I just started to learn Elixir and to train on Codewars. I solved this kata but I'm not very satisfied of my code and I have no clue (literally) how to improve it. Recursion seems the way to go here, but I'm convinced the code can be optimized a little more.

Here is the full problem :

The input is a string str of digits. Cut the string into chunks of size sz (ignore the last chunk if its size is less than sz).

If a chunk represents an integer such as the sum of the cubes of its digits is divisible by 2, reverse it; otherwise rotate it to the left by one position. Put together these modified chunks and return the result as a string.

Could you help me please ?

defmodule Revrot do
def revrot(str, sz) do
    if str == "" or sz <= 0 or String.length(str) < sz do
      chunk = str |> String.slice(0,sz) 
      t = chunk |> String.to_integer |> Integer.digits |> Enum.reduce(0, fn(x, acc) -> (:math.pow(x,3) |> round) + acc end)
      temp = case (rem t,2) do
        0 -> chunk |> String.reverse
        _ -> String.slice(chunk, 1, sz-1) <> String.first(chunk)
      temp <> revrot(String.slice(str,sz..-1), sz)

1 Answer 1


So, the only major comment I'd have on your code is that it's a bit hard to understand what's going on. It becomes a lot easier when you have the Kata text to help, but ideally the code itself should be quite easy to understand just by looking at it.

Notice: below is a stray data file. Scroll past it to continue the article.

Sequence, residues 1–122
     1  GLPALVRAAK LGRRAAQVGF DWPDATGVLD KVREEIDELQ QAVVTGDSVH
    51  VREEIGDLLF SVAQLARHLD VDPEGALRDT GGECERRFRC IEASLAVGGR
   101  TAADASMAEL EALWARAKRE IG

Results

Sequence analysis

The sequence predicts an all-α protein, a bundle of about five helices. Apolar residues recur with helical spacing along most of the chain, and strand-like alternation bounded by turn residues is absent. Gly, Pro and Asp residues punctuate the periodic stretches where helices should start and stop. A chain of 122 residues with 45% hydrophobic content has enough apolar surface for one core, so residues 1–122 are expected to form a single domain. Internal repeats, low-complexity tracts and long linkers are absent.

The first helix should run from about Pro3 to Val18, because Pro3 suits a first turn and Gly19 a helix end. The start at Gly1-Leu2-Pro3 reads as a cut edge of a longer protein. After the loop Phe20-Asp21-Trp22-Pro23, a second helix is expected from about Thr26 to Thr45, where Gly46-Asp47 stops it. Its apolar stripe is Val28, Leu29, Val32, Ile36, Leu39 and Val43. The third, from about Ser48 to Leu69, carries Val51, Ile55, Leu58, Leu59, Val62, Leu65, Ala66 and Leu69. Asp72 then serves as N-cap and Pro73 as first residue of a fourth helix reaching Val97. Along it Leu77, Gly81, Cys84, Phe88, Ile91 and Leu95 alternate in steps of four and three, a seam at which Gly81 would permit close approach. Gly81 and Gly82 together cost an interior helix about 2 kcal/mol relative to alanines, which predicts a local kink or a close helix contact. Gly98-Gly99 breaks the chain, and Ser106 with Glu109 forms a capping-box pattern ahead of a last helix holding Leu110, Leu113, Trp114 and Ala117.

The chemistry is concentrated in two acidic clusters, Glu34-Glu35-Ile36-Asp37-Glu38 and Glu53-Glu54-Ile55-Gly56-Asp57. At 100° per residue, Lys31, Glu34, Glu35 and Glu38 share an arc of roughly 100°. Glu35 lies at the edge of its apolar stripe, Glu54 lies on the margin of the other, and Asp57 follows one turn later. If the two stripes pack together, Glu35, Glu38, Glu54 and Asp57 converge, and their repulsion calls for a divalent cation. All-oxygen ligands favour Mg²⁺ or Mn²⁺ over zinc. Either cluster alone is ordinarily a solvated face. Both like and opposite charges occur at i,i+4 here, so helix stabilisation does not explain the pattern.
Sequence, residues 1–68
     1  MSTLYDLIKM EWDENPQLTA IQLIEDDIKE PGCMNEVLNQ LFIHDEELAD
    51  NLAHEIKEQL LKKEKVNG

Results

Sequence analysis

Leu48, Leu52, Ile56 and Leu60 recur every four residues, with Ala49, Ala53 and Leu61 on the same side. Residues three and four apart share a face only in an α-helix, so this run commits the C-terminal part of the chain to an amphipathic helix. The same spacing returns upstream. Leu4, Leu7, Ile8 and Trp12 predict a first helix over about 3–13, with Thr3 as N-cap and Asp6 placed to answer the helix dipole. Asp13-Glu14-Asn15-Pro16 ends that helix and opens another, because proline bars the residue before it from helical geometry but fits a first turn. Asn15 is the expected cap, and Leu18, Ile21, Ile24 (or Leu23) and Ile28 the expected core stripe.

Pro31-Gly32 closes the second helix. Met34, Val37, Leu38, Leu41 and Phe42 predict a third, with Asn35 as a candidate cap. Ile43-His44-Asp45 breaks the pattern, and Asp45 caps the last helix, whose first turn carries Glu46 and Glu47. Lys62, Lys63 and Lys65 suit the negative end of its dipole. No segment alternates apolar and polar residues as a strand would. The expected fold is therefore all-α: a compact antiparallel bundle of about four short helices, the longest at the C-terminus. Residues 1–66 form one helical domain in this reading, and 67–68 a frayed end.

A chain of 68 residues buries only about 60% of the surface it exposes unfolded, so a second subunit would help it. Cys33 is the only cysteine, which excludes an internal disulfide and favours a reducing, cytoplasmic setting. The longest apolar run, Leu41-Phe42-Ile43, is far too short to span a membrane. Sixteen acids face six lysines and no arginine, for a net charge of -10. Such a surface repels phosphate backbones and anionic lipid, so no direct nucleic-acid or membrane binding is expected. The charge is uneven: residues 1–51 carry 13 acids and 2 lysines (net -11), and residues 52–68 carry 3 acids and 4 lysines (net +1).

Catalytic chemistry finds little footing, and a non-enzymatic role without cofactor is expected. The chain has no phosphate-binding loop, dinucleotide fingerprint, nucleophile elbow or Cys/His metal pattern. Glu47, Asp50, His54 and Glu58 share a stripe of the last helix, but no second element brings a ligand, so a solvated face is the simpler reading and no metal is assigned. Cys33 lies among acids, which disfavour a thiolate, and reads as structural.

I would split your code up into the seperate stages, rather than having a single function that does everything. It should make it much easier to see what the code is actually doing at a glance. There's also a few built in elixir functions that you can use to simplify things.

So, essentially you have three stages:

  • Split the string into chunks.
  • Rotate or reverse each chunk.
  • Put the string back together.

I would write a function for each of these stages, then you can compose those functions to get the full process.

First, chunking. You could do this manually, but there's actually already a function that does this in Elixir called Enum.chunk. So you can convert the string into a list of it's unicode codepoints, chunk it, then join it back into a string, like so:

def chunks(str, sz) do
  str |> String.to_charlist |> Enum.chunk(sz) |> List.to_string

Next, we'll need a function to check if we should reverse or not. You're implementation doesn't seem bad, but:

  • Elixir provides Enum.sum, which is easier than implementing the sum manually with Enum.reduce.
  • I would split the sum and the pow operations into two stages.
  • I wouldn't be afraid to use newlines and whitespace: it can be easier to read than a single line with a lot of operations going on.

So we could write this like:

def cube_digits(chunk) do
  |> String.to_integer 
  |> Integer.digits 
  |> Enum.map(fn (x) -> x |> :math.pow(3) |> round end)

def should_reverse?(chunk) do
  (chunk |> cube_digits |> Enum.sum |> rem(2)) == 0

Your rotate code seemed fine, but lets pull it into a function:

def rot_left(chunk) do
  String.slice(chunk, 1, -1) <> String.first(chunk)

Then you can put this all together into a single function, making use of the into argument to for to join everything back together again:

def revrot(str, sz) do
  for chunk <- chunks(str, sz), into: "" do
    if should_reverse?(chunk) do 

If you were performing some more complicated operations inside the for it might have been worth using pipes along with Enum.map & Enum.join instead of for, but for this operation I think for ends up nice and concise.


Your Answer

By clicking “Post Your Answer”, you agree to our terms of service and acknowledge you have read our privacy policy.

Not the answer you're looking for? Browse other questions tagged or ask your own question.